By Louise Bullis Yarmoff, Executive Director
"Failure of imagination,” according to Wikipedia, is a phrase indicating a circumstance wherein something undesirable, yet seemingly predictable, was not planned for.
Climate change fits that definition to a T. For decades, scientists have been warning of environmental degradation caused by our fossil fuel fed lifestyle. But we have failed to plan for damage mitigation, and we are now at a tipping point.
One of the reasons for our laggard behavior could be a literal failure of imagination; an inability to truly imagine what our own personal lives would be like after a climate disaster. That’s where films, TV shows and books can help, by telling stories that incorporate climate change, stimulating our imagination and ultimately impelling us to take action.
So far, however, fiction is reportedly not doing this very well.
According to climate and storytelling nonprofit Good Energy, most TV and film scripts are ignoring the climate crisis. Good Energy recently analyzed more than 37,000 TV and movie scripts produced between 2016 and 2020 and found that only 2.8% of the scripts included any climate-related terms such as "global warming," "sea-level rise" or "solar panels.” Even fewer (just 0.6%) explicitly mentioned the term "climate change."
And many bestselling books are no different.
Authors and screenwriters face a dilemma: they want their works to address the important issues of our time, but they also want to entertain. Thankfully, the news media is expanding coverage of climate change, but we also increasingly feel a need to escape from daily reality. And the last thing we want is to be preached to about a subject that stresses us out already.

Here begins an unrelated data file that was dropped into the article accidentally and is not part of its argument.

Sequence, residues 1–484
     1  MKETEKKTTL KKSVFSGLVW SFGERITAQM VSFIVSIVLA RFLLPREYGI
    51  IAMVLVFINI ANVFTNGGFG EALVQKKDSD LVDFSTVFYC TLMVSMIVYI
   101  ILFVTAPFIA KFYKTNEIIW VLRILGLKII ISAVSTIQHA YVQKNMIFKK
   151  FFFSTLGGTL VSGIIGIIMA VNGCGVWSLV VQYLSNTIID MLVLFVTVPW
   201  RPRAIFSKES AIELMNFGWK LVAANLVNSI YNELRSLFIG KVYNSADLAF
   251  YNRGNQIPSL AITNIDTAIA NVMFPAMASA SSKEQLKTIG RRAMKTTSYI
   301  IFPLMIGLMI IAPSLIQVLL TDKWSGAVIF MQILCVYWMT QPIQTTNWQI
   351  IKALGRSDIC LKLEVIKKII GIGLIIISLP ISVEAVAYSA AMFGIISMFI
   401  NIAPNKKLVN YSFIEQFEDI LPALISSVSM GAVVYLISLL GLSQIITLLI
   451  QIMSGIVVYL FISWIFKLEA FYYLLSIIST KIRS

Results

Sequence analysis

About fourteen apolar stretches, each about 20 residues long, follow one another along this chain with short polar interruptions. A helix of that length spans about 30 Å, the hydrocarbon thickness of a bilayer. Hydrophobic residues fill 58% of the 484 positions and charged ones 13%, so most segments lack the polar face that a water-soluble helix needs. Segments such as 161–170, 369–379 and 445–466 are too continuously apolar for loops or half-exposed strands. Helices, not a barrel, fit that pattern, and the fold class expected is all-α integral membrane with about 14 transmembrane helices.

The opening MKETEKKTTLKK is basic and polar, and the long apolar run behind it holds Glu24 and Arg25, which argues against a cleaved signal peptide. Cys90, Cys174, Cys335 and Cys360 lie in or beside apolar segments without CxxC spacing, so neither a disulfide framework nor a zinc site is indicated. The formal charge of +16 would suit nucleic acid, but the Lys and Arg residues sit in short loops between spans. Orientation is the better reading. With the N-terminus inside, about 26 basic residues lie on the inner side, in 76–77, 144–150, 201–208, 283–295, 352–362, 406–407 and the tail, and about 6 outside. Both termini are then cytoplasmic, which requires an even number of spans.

So, Good Energy advocates for a realistic depiction of the climate crisis. Not all fiction needs to mimic disaster films like “The Day After Tomorrow.” References to heat waves, new energy policies or clean energy solutions can be worked in where they make sense, while allowing the story to go where it needs to in terms of characters and plot.
Two works of fiction born right here in Marblehead do just that: Julia Glass’ most recent novel, Vigil Harbor, and Sustainable Marblehead founder John Livermore’s upcoming movie, Tipped: The Point Beyond.
On January 26 at 7pm at the Old Town House, Sustainable Marblehead will host a book talk with Julia Glass to discuss her work.
Vigil Harbor, is, according to Penguin Random House, part of a growing branch of literature dubbed Climate Fiction, or Cli-Fi, which deals with the effects of climate change on human society.
As Amazon describes it, the book takes place “a decade from now, in the historic town of Vigil Harbor, where there is a rash of divorces among the yacht-club set. A marine biologist despairs at the state of the world, a spurned wife is bent on revenge, and the renowned architect Austin Kepner pursues a passion for building homes designed to withstand the escalating fury of relentless storms. Austin’s stepson, Brecht, has dropped out of college in New York and returned home after narrowly escaping one of the terrorist acts that, like hurricanes, have become increasingly common.”
Clearly fiction, but also, by Glass’ own admission, based on her home turf of Marblehead.
Tipped: The Point Beyond is also set in a small seaside New England town in the near future. Filming is set to take place in Marblehead. According to Livermore, the movie tells the story of three generations of a family living on the precipice of an irreversible climate tipping point and unfolds against the backdrop of world events, as the global climate is starting to spin out of control.
Livermore and his wife, Kelley, his partner on the film, aim to go beyond feeding the imagination of their film’s viewers. They want to motivate people to take meaningful action on the climate crisis. Tipped: The Point Beyond is the first step of the “Moviement,” which, according to Livermore, will combine a visual entertainment experience with a collective action movement. The companion Empowerment website will ask each member of the audience to take three easy actions which, together, are designed to create an unstoppable wave of people-powered climate action.
These two works of fiction, and others like them, will hopefully help us picture why it’s necessary to take action to stop climate change now.